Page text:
I suppose today’s post about forgoing a coffee table originates from negative experiences with mine. We have been making do with a tiny side-table, which I also have half a mind to donate. At least it’s easily movable to the corner of the room, allowing both of us to lay out a yoga mat in front of the couch.

I do prefer the flexibility of a side table. In fact, I’ve considered multiple flexible options in lieu of a coffee table, such as ottomans and foot stools in the form of tree stumps.

Below are a few contenders, in case you are also searching.

+ A camp stool – for the sole purpose of putting tired feet up onto something. I love this stool because you can fold it up and stash it against the wall or behind a console, for a less cluttered look.

+ Maple nesting tables, of the stackable variety, to reduce real estate when not in use.

+ A mushroom tree stump, for holding a drink or two. Bringing natural elements in, without buying more houseplants.

+ A step stool, which has dual-use for shorties such as myself.

+ Actual ottomans, in a rich sienna leather. Extra seating when gatherings resume post-COVID.

Small Space Living

Tip 13: Mason Jar and Ceramic Pitcher Vases

The one thing about living in a tiny home is that there is not much storage room. It isn’t such a problem when there’s not much to store, and for some people, therein lies the rub. I have friends who are affronted by the suggestion of living life without simple “essentials”. Case in point: vases. On the flip side, I have other friends who roll their eyes at such frivolity. Both sides get along just fine with each other and that’s the whole point. It doesn’t matter much which camp you sit in as long as whatever lifestyle you have matches your space. Well, rather, whatever space you have matches your lifestyle.

If I am being completely honest, I own one vase. It’s a tall, cylindrical, long-stemmed glass vase that was given to me by a friend from dental school years ago. I’ve tried to de-clutter it a handful of times, but to no avail. It holds no more than 6 tulips, and funny enough, I have never used it. I suppose this means de-cluttering it definitely requires a revisit…

Which, in my opinion, puts me in the latter camp. When flowers find themselves in our home, I am more likely to grab a mason jar or a ceramic pitcher that we bought during our honeymoon in New Zealand than that darn vase. I have an affinity for assigning twenty functions to household items, if possible, so both solutions actually make me appreciate the bouquet more. There’s something gleeful about re-purposing stuff. Maybe THAT’s why I never use my actual vase. It’s too singular in purpose thus making it unattractive.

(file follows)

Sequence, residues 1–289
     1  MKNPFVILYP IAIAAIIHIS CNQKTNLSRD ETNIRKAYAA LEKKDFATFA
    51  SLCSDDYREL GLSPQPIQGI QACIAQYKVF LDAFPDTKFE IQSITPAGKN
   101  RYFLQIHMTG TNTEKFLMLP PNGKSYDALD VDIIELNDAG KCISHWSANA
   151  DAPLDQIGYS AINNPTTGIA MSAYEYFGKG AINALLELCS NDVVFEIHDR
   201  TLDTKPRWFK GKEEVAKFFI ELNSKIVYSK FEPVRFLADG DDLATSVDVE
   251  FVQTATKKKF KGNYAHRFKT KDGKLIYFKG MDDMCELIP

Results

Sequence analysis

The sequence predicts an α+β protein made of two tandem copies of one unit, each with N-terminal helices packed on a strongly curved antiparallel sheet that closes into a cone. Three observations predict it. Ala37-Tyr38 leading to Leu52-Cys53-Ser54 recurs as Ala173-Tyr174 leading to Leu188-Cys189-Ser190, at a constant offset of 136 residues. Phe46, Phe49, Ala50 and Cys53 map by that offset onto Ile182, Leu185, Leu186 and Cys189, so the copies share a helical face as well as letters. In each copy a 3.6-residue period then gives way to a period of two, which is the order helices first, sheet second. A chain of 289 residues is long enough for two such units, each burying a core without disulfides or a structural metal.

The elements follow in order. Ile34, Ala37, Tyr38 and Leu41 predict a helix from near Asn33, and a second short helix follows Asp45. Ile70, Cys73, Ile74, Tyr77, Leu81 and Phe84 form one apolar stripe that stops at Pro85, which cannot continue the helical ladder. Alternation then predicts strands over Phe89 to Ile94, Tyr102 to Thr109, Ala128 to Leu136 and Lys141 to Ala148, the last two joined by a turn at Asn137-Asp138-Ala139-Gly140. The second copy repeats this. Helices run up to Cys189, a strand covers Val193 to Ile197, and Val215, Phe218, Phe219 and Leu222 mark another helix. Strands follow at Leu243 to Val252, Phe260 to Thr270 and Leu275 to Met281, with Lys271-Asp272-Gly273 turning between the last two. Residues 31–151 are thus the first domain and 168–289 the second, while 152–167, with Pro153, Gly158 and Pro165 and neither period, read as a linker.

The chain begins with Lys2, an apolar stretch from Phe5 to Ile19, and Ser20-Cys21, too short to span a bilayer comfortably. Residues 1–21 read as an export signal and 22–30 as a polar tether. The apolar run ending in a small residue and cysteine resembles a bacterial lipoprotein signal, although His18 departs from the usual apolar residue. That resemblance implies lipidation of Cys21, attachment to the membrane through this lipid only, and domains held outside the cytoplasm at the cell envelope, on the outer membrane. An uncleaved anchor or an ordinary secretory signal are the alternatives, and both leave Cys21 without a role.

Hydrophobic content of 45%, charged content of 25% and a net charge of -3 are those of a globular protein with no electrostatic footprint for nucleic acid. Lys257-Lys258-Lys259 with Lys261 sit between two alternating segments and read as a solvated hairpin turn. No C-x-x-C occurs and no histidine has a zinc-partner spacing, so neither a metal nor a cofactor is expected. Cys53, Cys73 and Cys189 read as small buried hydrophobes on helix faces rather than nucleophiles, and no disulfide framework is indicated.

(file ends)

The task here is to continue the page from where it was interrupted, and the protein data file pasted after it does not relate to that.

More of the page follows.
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Either way, look. It doesn’t matter whether you like a lot of stuff or a little stuff. It matters more that you love what you do have and use them often and well. It’s important that your things are beautiful in your eyes, even if it’s “just” a mason jar in other people’s eyes. To you, it could be a storage for bulk items, a container for a new candle, a get-together-party-favor holding your famous enchilada sauce, a jar holding homemade jam, a refreshing water glass (or lemonade or wine), or a vase. Maybe I’ve spent too long making do with what I’ve got. It sure as hell isn’t a bad way to live.

Nothing gives me more joy making something out of nothing – vases included.

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Thank you to Sonia for the lovely flowers. 

If you happen to be a vase person, East Fork Pottery is releasing a new bud vase today at 12pm EST. Hand-thrown in their beautiful soapstone glaze, they are a perfect addition to a ‘minimalist’ home.

Small Space Living

Tip 06// The Most Sustainable Couch

I am thirty, and I have still yet to own a couch of my choosing. Every couch that has permeated my living space has either been already provided by previous tenants or handed down to me by someone I know. What does that say about me, exactly?

While it is quite obvious that our personal successes are not defined by an ability to own a couch, I think it is implied that a medical professional of thirty would have been able to afford one by now. But buying a couch is no easy thing. In fact, buying ANYTHING for me is never an easy thing these days. The entire process involves a hefty amount of serious pondering and a mild case of deep-skin writhing.

In this line of work, I am approached by others in general for my thoughts on stuff. In a sense, my job here is to help make a value judgement. I am presented with the following questions: Who made it? How is it made? Where is it made? What materials are used? Why is it necessary? Which option is best, in terms of sustainability both in terms of the environment, the social implications, the global effects, and least importantly, my personal repercussions. It’s a lot of pressure to put on a matcha whisk, or a set of pajamas. It’s even more pressure on large scale purchases, such as a brand new couch.

I have been in search for a sustainable couch for years. Ever since my husband (then-fiance) and I moved into our own place two months after I graduated dental school in 2016. Specifically, I have looked for a couch wherein I can trace exactly where it was made, whose hands were used to make them, and in what environmental conditions. I have yet to find one that comes close. Most furniture companies don’t even bother to tag couches as sustainable, and those that do only involve a small level of sustainability (like using reclaimed wood without any consideration for the fabrics of the upholstery) that I cannot even take them seriously.